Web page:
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Thread: AC leaking from... ?

  1. #1
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    Default AC leaking from... ?

    95 530

    My AC has always been on the warm side but did work for years like that. Last year I charged the AC because I found a couple cans of R134. Was a fail due to my manifold hoses being loose. So 2 months ago I charged it with 4 12oz cans and it worked great. Not a big fan of AC and I only use it to defrost the windshield. Today it's raining and the defrost / AC trick didn't work so I turned it all the way cold and nothing, just outside temp air. So low the compressor wont even turn on.

    Where are common AC leaks found on the E34? Compressor seemed fine, no noises or oil around the pulley but it's leaking somewhere and pretty fast I would guess.

    Any help, guesses or advice appreciated.
    Last edited by 632 Regal; 10-30-2019 at 05:14 PM.
    95 E34 530I V2.31
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    Those who make peaceful revolution impossible will make violent revolution inevitable.

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  2. #2
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    pipe connections between engine bay and the cabin. Basically you have to check all this http://bmwe32.masscom.net/johan/airc...n_o-rings.html

  3. #3
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    Egads. I think I'll try a can of stop leak first. It's R134a with a dye and some PA100 oil. Read good things about it sealing O rings.

    95 E34 530I V2.31
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    Those who make peaceful revolution impossible will make violent revolution inevitable.

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  4. #4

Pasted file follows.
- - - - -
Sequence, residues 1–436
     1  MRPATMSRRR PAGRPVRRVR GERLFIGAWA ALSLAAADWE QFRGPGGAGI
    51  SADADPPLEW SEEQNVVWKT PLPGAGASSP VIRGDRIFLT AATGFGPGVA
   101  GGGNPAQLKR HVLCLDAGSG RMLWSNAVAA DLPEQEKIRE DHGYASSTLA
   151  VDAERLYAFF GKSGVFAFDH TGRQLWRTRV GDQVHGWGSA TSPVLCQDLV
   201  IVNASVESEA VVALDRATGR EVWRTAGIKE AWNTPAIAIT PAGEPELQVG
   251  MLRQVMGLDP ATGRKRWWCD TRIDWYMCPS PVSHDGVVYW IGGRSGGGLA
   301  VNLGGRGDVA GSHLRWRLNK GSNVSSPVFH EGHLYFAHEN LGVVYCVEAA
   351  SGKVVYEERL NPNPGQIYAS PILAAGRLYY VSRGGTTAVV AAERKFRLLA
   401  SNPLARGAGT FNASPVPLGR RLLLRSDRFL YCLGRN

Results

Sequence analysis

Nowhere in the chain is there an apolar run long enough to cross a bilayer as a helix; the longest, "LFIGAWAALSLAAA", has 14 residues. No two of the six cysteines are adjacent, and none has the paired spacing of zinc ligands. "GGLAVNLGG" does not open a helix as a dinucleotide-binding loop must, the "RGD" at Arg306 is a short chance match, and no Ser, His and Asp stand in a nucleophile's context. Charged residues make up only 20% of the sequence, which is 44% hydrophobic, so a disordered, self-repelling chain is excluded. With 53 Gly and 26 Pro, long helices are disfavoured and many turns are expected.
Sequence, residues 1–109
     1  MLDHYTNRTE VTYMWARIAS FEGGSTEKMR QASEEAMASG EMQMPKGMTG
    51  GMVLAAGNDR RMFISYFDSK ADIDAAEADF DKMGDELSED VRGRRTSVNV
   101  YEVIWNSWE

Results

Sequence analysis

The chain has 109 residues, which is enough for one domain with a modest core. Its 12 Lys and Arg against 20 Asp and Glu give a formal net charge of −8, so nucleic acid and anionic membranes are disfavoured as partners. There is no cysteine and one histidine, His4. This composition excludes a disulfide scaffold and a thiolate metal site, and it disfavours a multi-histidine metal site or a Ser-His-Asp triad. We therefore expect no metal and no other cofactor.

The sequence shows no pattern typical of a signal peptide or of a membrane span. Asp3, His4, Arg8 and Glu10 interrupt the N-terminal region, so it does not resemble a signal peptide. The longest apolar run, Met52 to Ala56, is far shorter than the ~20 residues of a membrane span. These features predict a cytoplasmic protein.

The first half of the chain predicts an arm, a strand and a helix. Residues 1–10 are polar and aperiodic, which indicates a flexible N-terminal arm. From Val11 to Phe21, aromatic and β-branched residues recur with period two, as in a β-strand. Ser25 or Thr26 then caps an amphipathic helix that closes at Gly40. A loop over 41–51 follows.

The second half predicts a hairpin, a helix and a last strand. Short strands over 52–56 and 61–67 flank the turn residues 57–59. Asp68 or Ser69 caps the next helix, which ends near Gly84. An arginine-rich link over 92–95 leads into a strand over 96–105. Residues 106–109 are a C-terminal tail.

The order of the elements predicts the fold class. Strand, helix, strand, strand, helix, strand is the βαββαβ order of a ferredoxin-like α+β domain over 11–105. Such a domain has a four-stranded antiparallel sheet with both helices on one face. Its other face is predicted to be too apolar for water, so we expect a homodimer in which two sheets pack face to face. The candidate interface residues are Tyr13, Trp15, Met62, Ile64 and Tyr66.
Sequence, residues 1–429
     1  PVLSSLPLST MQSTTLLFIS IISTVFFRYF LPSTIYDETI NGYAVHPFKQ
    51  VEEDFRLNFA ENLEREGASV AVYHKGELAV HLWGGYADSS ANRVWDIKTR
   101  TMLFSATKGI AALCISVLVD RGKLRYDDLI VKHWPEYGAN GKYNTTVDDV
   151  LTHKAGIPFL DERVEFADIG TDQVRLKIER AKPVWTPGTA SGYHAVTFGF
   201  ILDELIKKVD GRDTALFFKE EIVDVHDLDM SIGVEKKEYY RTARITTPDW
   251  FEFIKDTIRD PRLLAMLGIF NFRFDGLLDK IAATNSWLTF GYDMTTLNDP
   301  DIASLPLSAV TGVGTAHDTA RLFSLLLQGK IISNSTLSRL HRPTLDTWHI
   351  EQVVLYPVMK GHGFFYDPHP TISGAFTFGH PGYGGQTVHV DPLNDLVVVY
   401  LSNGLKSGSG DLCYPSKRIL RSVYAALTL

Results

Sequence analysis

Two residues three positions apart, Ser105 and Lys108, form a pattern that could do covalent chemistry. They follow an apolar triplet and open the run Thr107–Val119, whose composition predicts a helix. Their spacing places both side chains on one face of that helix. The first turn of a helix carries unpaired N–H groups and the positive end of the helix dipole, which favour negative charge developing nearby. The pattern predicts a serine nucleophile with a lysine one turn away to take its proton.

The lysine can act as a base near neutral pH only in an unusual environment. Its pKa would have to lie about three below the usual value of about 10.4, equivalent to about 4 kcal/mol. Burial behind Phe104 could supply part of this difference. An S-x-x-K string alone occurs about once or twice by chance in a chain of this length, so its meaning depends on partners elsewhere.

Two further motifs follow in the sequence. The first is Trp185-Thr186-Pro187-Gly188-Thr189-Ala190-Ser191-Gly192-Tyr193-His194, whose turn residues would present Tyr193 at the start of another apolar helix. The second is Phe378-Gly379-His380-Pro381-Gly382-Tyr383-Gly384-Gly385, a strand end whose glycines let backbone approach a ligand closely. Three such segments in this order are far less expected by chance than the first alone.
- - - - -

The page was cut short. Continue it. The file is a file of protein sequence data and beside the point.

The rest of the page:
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    I usually add an amount to reach correct pressures using a top-up can and valve, and then drive the car around in the heat for a week or so: If there is refrigerant noise in the cabin (I guess this is boiling fluid in the evaporator lines under the dash), I add 10g at a time, until it becomes quiet.

    I do if I'm not going to evacuate the system, as it is hard to evaluate the right amount of refrigerant and gas to add. The pressures simply do not tell you enough about the volume of liquid refrigerant in the system, and there is no other way without doing a full recovery/recharge.

    Of course the right way is to replace all the line seals like Johan32 does, but I replace the valves and the drier as well. They are cheap (US$6 or so) (not like the little shrader valves in most cars) on eBay. Doing this requires removing the compressor, draining it of oil. After adding new o-rings, a new drier and buttoning it all up, evacuate and test for leaks. That takes hours before you can begin to recharge (weighing the amount that goes in, as well as adding the correct volume and grade of PAG oil through the line, assuming its not had an ester based oil added at some point (very rare around hereabouts)

    I've always suspected and changed the high and low pressure filling valves (they come complete with a sealing rings) on the lines near the bulkhead. I feel they leak at age- the internal seals can only last so long.

    Recently I stopped doing o rings on non-R12 E34 and just recover the gas left the system, replace the fill valves, drier, R134a and oil.

    So far so good, but won't know for a few years more for sure. I'd normally do the TX valves always, except on RHD E34 doing this (and the other o-rings all the way through the circuit) takes too long as the TX valve requires dropping the steering column as well as everything else. This introduces hours and hours of extreme contortions that are really well worth avoiding.
    Last edited by genphreak; 11-03-2019 at 12:36 AM.

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  5. #5
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    I've always suspected and changed the high and low pressure filling valves (they come complete with a sealing rings) on the lines near the bulkhead. I feel they leak at age- the internal seals can only last so long.